Bathroom aids and adaptations

We explain your options for making bathing easier – including walk-in baths, walk-in showers and wet rooms.

To ensure your bathroom is suitable in the longer term, you may want to consider more extensive bathroom adaptations. If a conventional bath or shower is no longer suitable, there are several alternative options to choose from when adapting a bathroom to suit your needs. These include walk-in baths, baths with a built-in seat, shallow baths and walk-in showers. A wet-floor area or a wet room are also a good option if space is limited.

You may need to fit a shower as an alternative to a bath and ensure that there is also safe access to the toilet from a wheelchair. All bathroom facilities will need to be accessible from a seated position and, if there are other people who are also going to use the bathroom, you should ensure that it accommodates everyone’s needs.

Even if you’re not yet at the stage of needing specialist bathroom equipment, but you’re considering bathroom improvements anyway, then adapting it in anticipation of future needs is an excellent way to futureproof your home. This will make life easier if your mobility does start to decline in future.

Getting advice and support
While adapting your bathroom doesn’t have to be especially complicated, it’s a good idea to get advice from a registered occupational therapist (OT) before – and during – the planning. An assessment will help to pinpoint your needs and find out which adaptations and equipment will be best for you.
If you are finding it difficult to manage various everyday tasks, request a free needs assessment from your local authority. This will look at your care and support needs and decide if you are eligible for state support. We have more information at the end of this article about how to get help with financing bathroom adaptations.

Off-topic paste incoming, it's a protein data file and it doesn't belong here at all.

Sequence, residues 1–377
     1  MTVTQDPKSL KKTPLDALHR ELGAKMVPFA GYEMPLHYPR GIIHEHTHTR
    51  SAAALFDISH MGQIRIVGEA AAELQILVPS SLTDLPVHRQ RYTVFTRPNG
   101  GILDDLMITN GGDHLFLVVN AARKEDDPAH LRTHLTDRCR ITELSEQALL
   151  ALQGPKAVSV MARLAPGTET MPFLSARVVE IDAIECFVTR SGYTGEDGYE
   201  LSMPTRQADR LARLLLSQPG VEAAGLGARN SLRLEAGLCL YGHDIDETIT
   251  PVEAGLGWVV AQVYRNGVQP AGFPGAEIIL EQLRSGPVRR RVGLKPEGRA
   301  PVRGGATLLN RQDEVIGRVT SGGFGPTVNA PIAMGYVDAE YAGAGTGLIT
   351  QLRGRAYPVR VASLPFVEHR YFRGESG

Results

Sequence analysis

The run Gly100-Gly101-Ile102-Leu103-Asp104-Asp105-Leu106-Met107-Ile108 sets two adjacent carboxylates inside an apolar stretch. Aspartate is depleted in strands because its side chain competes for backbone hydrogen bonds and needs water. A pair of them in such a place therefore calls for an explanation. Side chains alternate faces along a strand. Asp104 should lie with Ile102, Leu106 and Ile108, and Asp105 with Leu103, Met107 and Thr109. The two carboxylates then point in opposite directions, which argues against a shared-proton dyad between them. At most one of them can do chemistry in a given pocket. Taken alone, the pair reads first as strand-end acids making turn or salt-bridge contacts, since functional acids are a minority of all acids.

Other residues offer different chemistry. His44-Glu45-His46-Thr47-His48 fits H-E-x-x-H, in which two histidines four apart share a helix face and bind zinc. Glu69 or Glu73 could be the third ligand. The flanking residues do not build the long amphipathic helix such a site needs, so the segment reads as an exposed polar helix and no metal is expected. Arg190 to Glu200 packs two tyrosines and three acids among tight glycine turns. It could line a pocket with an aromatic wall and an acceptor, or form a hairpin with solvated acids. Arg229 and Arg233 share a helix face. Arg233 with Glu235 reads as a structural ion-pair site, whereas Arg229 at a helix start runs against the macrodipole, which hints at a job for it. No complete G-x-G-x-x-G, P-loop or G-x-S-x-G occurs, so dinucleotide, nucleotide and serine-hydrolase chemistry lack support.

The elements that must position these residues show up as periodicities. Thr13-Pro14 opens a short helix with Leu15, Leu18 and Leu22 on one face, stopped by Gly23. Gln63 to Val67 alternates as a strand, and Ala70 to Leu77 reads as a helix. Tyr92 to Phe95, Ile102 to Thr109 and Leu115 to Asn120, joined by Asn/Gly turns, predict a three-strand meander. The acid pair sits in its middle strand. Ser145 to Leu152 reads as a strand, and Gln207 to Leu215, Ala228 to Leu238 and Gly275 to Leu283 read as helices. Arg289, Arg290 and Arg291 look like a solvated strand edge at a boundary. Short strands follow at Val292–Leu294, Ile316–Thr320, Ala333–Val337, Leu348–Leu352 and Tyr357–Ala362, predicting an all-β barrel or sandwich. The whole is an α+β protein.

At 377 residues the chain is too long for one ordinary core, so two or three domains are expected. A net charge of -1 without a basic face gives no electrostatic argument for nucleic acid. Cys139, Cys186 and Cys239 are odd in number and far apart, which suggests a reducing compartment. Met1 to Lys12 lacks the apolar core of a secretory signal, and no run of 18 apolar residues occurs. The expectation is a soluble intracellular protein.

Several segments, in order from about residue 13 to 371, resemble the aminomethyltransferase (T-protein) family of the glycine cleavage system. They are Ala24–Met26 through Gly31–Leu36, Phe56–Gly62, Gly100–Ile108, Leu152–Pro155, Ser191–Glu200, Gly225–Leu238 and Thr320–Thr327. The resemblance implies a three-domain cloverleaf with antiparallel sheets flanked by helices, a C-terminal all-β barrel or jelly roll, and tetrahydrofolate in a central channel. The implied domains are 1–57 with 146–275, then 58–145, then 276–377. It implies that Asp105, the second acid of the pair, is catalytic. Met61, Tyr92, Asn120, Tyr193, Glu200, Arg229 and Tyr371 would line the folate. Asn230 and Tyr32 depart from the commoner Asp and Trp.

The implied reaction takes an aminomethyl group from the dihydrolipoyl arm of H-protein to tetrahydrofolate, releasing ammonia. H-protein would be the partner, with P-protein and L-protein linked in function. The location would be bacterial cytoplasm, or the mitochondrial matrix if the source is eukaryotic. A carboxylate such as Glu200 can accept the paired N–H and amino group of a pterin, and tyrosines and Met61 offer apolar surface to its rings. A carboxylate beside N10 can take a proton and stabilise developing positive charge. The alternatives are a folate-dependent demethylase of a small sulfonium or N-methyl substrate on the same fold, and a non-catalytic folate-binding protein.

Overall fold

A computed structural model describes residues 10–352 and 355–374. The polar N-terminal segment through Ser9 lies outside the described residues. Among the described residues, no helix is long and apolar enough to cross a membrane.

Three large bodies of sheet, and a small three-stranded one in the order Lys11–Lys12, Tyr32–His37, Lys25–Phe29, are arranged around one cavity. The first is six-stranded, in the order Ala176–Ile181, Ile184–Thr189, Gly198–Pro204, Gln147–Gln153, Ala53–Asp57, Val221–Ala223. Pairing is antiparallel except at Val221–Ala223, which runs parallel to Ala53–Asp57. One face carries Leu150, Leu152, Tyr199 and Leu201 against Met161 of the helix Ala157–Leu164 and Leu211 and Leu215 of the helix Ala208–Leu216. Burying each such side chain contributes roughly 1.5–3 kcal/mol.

Some people are put off the idea of specialist equipment because they worry it will make their bathroom look ‘institutional’, like a hospital or care home. If this is a worry for you, you might want to consider customising your bathroom suite with the help of a specialist bathroom fitter – ideally one that is a member of the British Healthcare Trades Association (BHTA).

Grab rails for the bathroom and shower

The bathroom is the most obvious place for support rails, as people are moving in and out of the bath or shower, when it can be wet and slippery. Without support, falls can be particularly hazardous in this area. Plastic rails are the safest option in a wet area, especially if you choose one with a raised grip to prevent hands from slipping. Metal rails in the bathroom should be earth bonded for protection against electrical incidents.
Grab bars can also help provide stability next to the toilet, when adjusting clothing, or for the transfer on and off the seat. For some people, a rail next to the hand basin will also provide extra support if their balance is poor when standing.

Buying a bath to suit your needs